Last updated: Monday, April 24, 2017
US BAT Policy Hits Vietnam ExportPosted: Tuesday, April 11, 2017
Exporters to the United States may anticipate the US tax adjustment policy and use their monetary policy to reduce their currency value against the US dollar to counter border adjustment tax (BAT). This makes their exports cheaper and serves as a counter measure to cheaper exports of the US and a BAT rate of 20 per cent.
In his address to the Congress on February 28, US President Donald Trump once again mentioned his plan to adjust tax policy in order to increase revenues from imports and encourage businesses to invest and produce domestically. The BAT is part of this tax adjustment package. If implemented, the BAT will have significant impacts on global trade, according to research released by market research firm MARKETINTELLO.
Vietnam’s export value to the US reached US$27.3 billion the first two months of 2017, up 15.4 per cent from a year earlier - the highest year on year growth since April 2014. The manufacturing sector saw significant progress, with PMI Index rising to 54.2 in February to from 51.9 in January 2017, the highest level since May 2015. IHS Markit, which compiled Purchasing Managers' Index (PMI), said, confidence in the year ahead outlook led to a record accumulation of stocks of purchases, while sharp rises in new orders and purchasing activity imparted capacity pressures on manufacturers and their suppliers alike. However, the national index of industrial production (IIP) edged up merely 2.4 per cent year on year in the first two months of this year (compared with 6.6 per cent and 12 per cent in the same periods of 2015 and 2016, respectively),showing that the manufacturing sector might take some time to recover. Contrary to export and manufacturing performances, domestic consumption was relatively weak. Total retail revenue of consumer goods and services sold looked up only 8.7 per cent in the first two months of 2017 and just 5.6 per cent with price factors excluded, lower than the growth of 7.6 per cent in the same period of 2016 and the lowest since 2014.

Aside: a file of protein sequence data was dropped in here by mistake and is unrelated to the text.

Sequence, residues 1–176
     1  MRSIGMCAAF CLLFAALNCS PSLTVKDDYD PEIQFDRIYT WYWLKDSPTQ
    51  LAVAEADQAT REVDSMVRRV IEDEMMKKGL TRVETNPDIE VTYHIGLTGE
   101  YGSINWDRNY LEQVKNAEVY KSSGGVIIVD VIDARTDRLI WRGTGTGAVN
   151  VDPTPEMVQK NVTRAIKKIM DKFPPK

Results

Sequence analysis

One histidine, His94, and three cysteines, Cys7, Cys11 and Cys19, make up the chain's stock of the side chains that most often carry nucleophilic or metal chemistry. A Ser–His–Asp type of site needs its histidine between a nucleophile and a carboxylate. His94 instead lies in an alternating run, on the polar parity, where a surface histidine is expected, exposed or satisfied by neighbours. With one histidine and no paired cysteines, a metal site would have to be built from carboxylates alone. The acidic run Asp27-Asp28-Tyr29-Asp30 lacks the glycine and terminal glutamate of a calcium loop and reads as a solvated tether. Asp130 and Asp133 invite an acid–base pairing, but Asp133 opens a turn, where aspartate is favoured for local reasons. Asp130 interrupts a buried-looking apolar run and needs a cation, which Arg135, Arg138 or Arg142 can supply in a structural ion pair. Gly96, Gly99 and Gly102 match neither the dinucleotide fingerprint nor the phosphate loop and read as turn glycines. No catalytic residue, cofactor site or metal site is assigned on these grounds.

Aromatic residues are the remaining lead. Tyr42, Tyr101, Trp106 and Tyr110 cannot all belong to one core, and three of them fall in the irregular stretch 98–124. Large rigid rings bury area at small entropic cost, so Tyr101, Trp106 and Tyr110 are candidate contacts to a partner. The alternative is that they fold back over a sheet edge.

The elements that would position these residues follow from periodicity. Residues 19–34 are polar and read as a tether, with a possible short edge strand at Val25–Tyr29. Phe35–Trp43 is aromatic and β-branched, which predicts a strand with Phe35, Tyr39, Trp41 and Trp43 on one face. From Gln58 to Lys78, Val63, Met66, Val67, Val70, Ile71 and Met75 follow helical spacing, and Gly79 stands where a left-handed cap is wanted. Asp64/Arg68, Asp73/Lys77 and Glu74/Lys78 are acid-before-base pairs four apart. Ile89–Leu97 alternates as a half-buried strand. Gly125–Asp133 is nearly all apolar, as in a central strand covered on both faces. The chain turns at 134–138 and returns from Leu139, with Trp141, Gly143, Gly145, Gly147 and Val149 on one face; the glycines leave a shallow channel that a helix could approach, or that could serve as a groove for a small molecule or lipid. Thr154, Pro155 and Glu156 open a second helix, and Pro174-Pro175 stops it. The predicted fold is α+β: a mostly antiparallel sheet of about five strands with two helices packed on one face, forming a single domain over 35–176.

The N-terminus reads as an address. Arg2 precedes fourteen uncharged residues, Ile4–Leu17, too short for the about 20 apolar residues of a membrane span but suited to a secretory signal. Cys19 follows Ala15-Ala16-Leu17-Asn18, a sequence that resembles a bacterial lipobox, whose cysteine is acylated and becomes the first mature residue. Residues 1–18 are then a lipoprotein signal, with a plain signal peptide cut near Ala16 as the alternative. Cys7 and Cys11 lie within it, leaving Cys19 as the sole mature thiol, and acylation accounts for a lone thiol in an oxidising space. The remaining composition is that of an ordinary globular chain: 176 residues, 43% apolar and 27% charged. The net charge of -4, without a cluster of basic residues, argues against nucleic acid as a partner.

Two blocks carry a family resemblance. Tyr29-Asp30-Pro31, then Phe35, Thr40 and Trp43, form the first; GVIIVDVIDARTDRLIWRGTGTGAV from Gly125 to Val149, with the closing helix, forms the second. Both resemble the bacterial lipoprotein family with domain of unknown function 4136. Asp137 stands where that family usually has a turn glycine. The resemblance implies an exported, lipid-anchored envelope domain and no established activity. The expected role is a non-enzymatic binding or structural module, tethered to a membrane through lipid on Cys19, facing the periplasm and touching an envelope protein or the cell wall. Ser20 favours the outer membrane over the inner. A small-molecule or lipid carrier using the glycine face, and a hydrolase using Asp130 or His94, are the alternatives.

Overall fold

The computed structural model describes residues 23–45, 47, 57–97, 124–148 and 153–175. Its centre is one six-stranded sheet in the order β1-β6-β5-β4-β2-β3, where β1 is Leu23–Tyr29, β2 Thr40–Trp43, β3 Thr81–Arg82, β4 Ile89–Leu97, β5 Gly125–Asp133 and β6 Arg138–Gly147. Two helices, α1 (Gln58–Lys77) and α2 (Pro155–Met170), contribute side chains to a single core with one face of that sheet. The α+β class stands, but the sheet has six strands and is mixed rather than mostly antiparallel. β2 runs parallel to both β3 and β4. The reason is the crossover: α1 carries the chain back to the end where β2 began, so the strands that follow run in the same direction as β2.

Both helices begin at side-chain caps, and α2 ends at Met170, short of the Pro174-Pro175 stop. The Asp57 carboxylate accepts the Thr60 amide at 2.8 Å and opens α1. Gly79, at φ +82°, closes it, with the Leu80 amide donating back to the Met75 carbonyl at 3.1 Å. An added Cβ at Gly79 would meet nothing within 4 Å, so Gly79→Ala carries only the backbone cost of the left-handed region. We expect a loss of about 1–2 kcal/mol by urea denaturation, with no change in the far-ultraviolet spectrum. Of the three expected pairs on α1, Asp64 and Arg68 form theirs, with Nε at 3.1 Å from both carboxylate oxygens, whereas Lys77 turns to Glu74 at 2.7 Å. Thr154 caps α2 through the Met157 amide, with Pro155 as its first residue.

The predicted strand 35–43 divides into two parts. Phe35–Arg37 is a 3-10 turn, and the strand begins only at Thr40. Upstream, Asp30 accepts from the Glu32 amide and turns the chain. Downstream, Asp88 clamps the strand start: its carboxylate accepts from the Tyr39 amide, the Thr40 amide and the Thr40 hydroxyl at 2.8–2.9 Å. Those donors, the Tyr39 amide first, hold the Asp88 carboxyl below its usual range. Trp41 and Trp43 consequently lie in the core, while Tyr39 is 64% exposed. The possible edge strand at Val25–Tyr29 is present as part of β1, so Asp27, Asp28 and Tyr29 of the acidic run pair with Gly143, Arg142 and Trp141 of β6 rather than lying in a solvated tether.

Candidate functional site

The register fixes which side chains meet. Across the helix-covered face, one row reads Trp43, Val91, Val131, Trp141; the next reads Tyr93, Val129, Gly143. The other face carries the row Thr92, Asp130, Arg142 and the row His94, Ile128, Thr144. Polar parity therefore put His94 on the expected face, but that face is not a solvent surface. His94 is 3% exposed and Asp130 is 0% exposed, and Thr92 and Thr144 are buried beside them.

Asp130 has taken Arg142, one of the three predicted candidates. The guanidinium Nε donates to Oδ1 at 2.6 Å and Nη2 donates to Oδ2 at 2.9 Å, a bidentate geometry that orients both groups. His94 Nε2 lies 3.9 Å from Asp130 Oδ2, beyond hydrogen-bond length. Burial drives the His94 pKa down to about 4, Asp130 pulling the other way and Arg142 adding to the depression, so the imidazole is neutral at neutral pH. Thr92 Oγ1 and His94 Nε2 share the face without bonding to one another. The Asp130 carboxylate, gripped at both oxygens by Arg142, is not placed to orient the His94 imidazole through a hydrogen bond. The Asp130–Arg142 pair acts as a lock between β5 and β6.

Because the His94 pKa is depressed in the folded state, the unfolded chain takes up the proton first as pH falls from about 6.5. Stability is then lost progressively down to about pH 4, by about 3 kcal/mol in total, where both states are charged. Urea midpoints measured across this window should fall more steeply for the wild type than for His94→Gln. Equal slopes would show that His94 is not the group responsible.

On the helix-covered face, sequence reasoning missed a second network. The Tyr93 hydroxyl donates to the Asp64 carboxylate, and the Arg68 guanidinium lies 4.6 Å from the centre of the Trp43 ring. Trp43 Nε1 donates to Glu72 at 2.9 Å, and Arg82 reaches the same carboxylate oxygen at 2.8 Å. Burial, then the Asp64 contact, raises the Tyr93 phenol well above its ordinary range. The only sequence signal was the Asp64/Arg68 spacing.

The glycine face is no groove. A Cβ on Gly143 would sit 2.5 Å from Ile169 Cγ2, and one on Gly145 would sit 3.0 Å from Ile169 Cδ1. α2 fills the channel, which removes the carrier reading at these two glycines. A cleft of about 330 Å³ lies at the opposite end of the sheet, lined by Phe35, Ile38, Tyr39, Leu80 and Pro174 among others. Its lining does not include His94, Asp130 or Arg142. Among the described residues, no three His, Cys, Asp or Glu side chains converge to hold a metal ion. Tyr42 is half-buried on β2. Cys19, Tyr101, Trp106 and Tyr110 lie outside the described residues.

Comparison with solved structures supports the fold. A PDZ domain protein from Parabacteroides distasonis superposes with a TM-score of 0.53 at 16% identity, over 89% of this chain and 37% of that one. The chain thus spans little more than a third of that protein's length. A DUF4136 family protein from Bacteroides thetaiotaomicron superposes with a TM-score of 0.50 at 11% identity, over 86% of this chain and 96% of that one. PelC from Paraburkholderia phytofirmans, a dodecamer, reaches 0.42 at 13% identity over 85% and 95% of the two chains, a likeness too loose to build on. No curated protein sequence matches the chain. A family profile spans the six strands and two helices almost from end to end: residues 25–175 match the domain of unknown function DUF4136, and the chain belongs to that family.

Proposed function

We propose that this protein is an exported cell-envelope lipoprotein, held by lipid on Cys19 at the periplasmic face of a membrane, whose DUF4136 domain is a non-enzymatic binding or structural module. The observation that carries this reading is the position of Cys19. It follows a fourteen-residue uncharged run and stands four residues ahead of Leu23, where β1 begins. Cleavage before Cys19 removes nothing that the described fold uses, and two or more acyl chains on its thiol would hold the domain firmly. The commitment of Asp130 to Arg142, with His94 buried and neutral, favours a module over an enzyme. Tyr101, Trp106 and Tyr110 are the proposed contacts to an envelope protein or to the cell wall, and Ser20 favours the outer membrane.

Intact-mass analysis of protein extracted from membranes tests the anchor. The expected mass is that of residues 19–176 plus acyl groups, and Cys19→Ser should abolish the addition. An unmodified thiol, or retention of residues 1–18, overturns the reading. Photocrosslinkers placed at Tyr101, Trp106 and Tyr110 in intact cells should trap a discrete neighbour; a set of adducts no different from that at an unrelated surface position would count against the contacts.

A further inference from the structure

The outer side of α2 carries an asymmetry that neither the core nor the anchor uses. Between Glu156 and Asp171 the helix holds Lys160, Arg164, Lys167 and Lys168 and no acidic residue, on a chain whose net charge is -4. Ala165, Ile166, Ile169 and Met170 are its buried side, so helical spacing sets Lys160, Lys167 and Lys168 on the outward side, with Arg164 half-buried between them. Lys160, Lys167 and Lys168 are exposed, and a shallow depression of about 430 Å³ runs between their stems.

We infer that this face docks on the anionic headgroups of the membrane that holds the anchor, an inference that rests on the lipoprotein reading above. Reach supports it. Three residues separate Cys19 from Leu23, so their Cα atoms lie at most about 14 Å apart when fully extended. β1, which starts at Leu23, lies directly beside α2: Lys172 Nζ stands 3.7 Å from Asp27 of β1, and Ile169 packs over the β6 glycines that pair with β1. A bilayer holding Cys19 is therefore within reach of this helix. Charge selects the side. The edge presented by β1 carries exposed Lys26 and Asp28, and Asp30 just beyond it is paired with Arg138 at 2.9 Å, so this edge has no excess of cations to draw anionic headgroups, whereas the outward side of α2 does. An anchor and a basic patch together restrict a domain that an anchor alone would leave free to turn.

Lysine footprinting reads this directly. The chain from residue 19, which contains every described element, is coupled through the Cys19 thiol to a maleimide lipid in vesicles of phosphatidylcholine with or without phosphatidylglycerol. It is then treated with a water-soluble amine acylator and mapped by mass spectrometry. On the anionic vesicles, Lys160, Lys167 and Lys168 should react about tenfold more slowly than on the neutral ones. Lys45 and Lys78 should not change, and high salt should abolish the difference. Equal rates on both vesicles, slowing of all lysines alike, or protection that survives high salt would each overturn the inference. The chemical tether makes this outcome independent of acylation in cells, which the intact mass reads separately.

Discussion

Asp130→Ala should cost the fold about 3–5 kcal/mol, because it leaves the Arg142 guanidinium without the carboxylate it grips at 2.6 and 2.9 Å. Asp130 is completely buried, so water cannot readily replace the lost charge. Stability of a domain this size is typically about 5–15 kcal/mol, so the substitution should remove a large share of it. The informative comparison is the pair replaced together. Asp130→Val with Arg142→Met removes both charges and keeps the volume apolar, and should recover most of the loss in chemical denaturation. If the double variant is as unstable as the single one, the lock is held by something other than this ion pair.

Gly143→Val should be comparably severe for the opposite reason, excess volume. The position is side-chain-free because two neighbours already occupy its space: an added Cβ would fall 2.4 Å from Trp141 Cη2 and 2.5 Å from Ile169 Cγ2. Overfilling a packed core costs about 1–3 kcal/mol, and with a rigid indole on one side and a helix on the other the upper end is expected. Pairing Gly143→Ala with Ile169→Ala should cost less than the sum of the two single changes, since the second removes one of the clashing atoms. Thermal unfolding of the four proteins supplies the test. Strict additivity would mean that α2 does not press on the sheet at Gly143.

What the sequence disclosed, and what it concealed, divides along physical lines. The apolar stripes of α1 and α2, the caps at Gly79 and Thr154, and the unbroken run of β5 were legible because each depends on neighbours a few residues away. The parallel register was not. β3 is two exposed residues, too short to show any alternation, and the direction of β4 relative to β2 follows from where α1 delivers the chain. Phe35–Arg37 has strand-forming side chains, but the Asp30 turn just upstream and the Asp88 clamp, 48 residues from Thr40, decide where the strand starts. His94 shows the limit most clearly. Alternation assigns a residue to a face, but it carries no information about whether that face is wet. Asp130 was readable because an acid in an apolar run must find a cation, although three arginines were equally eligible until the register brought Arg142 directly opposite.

The contrast of domestic demand and supply, together with a good export growth, showed that the economy is being fuelled by foreign demand.
Liquidity in the banking system was abundant again after the Lunar New Year or Tet. After a sharp rise during the Tet holiday owing to cash withdrawals for New Year spending, the interbank rate fell by almost 4 percentage points in mid-February. As of February 12, overnight rate slid to 1.55 per cent per annum from 5.31 per cent at the end of January. The USD/VND exchange rate picked up in February on the appreciation of the US dollar. The midpoint exchange rate announced by the State Bank of Vietnam (SBV) looked up 0.14 per cent to 22,232 at the end of the month, while the bid rate at Vietcombank climbed 0.8 per cent to 22,740 because the US dollar gained against most currencies in the world. In addition, the exchange rate in February was also affected by lower interbank rates and stronger import demand after Tet.
Remarkably, the BAT will cause significant disadvantages for countries exporting goods to the US, including Vietnam. The US is still Vietnam’s biggest export market. According to data from the General Department of Vietnam Customs, shipments to the US made up nearly 22 per cent of Vietnam’s total exports last year, the highest in more than 10 years. Given declining domestic demand, Vietnam’s economic growth this year will depend heavily on international trade.
Meanwhile, rising prices of raw materials at the beginning of the year may make inroads into corporate profits as companies are unable to shift the burden of rising prices to domestic consumers if the SBV tightens monetary policy to curb a recurrence of high inflation.
MARKETINTELLO retained its forecast that the country’s economy will expand 6.3 per cent and inflation will grow 4.3 - 4.5 per cent. Agriculture was expected to slightly recover to contribute more to the overall growth of the economy in 2017 than in 2016. Monetary policy will play a decisive role in keeping inflation under a target of 4 per cent. Interest rates throughout 2017 could be maintained at their 2016 levels, helped by efforts of the SBV and the Government to control inflation. However, in the case of pressure from USD interest rate hikes, the SBV may hike the VND rate to stabilise the exchange rate. The exchange rate may rise 1.5-2 per cent.
In 2016, Vietnam's exports to the US reached US$42 billion and the US is its most important trading partner. With a share of about 42 per cent, apparel and footwear were the most important goods Vietnam exported to the US, followed by mobile phones and accessories with a share of 11 per cent and wooden products with 7 per cent. Vietnam’s top export earners, products such as garments and electronic products, could hardly be substituted by US-made products. However, it can be expected that importing companies such as retail giant Walmart will pass on increasing prices to consumers. Consumer reaction then will determine the change to import demand and, hence, Vietnamese exports in the short run.